Since Sheehan, Massachusetts courts have since consistently refused to extend the mode of operation approach to slip and fall cases in which the defendant was not a self-service establishment. See, e.g., Tavernese v. Shaws Supermarkets, No. 07-P-1829 (Mass. App. Ct. July 15, 2008) (unpublished Rule 1:28 decision) (not applicable to supermarket vestibule because customers ability to help themselves to goods, rather than be assisted by a store employee, did not factor into the condition at issue); Pittsley v. Saunstar Land Co., LLC, No. 06-P-1532 (Mass. App. Ct. Sept. 7, 2007) (unpublished Rule 1:28 decision) (not applicable to hotel construction site); Felt Enters., Inc. v. Chau Chow, II, Inc., Suffolk Superior Court, No. SUCV200703466 (March 7, 2011) (not applicable to restaurant with wait staff); Frank v. Westwood Assocs., Inc., Worcester Superior Court, No. 071798 (April 1, 2008) (not applicable to condominium complex). In this case, the Liquor Store is not a self-service establishment because patrons do not have independent access to drinks, but must rather request them and be served by employees. We therefore agree with the Liquor Store that the traditional approach applies. [Note 2]
Under the traditional approach, the plaintiff must identify the hazardous condition that caused him to slip, prove that it was present prior to his injury, and demonstrate that the defendant either caused the substance to be there, had actual knowledge of its existence, or had a reasonable opportunity to discover and remedy it. Thorell v. ADAP, Inc., 58 Mass. App. Ct. 334 , 337 (2003), citing, inter alia, Oliveri v. Massachusetts Bay Transp. Auth., 363 Mass. 165 , 167 (1973). Here, Sarkisian does not allege, and the record does not support the conclusion, that the Liquor Store caused the liquid to be on the dance floor. Nor does the evidence permit an inference that the Liquor Store was aware of the liquid or that the liquid had remained on the dance floor long enough so that, in the exercise of reasonable care, the Liquor Store should have discovered and remedied that condition. According to their depositions, neither Sarkisian nor her friend, Rebecka Mailea, noticed any liquid on the dance floor before Sarkisian ascended the steps to the lounge. Sarkisian also conceded that she was at the lounge for only under a minute before returning to the dance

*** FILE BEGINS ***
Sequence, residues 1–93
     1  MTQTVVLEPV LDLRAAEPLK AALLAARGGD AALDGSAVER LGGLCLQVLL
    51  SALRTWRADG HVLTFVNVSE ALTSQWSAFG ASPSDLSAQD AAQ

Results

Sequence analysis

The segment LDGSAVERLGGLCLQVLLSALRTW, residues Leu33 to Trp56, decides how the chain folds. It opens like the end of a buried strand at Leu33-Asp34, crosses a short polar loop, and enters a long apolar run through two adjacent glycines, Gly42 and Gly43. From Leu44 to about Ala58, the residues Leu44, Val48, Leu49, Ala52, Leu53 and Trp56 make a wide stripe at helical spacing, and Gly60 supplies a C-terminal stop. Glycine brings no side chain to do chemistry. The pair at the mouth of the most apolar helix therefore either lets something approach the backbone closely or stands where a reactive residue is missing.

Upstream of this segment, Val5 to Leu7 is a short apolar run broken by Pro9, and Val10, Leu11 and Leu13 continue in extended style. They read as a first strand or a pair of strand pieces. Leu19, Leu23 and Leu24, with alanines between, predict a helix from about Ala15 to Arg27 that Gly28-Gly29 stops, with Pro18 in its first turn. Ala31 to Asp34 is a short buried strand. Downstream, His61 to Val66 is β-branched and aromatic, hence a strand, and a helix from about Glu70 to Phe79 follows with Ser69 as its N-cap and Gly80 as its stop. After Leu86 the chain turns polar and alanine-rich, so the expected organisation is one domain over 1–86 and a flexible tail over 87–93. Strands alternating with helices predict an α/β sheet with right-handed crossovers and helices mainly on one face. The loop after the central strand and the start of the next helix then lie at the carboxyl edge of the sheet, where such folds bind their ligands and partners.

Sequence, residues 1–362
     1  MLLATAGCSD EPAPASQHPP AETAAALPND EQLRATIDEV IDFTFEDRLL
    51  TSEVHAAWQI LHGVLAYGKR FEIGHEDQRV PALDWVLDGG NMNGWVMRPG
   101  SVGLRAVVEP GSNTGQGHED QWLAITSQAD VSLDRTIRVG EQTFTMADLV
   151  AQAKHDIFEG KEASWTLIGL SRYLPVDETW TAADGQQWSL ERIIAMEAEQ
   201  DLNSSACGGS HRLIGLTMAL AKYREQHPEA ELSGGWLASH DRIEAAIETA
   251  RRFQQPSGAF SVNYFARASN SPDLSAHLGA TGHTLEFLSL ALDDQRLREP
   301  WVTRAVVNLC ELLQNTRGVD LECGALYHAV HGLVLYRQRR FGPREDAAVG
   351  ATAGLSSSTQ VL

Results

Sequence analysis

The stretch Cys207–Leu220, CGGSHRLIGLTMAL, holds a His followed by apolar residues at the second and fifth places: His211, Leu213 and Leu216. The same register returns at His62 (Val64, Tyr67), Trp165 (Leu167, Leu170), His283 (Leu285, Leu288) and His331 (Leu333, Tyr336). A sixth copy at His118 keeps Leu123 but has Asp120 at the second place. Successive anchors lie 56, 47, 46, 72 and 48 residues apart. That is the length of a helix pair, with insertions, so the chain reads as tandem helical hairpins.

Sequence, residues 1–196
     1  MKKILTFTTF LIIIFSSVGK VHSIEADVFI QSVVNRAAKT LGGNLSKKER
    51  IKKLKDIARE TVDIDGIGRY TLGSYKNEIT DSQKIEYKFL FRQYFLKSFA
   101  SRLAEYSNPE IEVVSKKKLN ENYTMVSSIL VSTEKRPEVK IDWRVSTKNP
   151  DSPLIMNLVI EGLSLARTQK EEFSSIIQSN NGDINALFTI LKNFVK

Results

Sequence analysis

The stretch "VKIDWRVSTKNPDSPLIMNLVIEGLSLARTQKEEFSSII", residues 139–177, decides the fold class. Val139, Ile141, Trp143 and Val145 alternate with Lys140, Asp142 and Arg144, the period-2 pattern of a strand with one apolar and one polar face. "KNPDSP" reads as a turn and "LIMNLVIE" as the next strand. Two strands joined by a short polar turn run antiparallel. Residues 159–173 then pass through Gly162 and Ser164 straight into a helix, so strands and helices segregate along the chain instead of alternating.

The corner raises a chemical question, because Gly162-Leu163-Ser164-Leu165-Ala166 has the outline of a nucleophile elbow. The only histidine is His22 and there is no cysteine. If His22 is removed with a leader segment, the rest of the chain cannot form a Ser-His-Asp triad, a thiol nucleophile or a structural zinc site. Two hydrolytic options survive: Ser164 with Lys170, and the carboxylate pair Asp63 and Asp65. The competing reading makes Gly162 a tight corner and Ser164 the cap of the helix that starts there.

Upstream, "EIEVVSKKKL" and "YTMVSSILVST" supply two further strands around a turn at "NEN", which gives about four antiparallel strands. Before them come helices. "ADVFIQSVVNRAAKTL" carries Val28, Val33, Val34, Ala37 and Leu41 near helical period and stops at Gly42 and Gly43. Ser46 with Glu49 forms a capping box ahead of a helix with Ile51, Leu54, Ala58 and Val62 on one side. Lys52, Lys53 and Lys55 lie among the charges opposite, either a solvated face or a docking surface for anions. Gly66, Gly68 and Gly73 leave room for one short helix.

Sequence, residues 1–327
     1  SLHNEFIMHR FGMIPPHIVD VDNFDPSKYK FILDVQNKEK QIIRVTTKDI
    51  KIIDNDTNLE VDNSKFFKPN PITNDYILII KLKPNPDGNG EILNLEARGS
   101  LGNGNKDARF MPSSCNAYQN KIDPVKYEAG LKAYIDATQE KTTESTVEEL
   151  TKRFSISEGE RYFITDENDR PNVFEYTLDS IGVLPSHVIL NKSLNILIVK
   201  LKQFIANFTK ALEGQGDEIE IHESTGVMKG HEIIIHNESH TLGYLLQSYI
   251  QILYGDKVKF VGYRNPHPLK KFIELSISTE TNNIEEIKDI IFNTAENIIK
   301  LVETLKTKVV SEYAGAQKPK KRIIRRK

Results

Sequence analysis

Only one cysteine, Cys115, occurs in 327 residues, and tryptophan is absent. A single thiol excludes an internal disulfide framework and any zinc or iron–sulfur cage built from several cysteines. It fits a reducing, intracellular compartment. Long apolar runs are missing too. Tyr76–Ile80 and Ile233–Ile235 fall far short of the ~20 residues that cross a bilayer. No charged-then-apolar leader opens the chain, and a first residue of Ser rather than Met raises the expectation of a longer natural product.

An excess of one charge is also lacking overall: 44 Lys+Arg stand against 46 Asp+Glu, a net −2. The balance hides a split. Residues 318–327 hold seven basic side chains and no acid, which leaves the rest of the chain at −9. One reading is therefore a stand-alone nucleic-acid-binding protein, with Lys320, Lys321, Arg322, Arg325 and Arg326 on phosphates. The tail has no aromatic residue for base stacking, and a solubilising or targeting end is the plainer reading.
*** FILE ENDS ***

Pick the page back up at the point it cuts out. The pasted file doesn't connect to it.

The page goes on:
floor. According to the clubs general manager, David Barry, part of the duties of twelve staff members that night was keeping the dance floor clear of debris. Clearly, less than one minute did not provide a reasonable opportunity for staff to discover the spilled liquid.
[Note 1] Doing business as the Liquor Store.
[Note 2] As stated, we have found no case, and the plaintiff has not pointed to any, that has extended Sheehan beyond self-service establishments. The Liquor Stores mode of operation of allowing patrons to bring their drinks onto a crowded dance floor all but guarantees spillage and presents a real risk of injury. Over time, in cases such as this, it may be that the law will be expanded.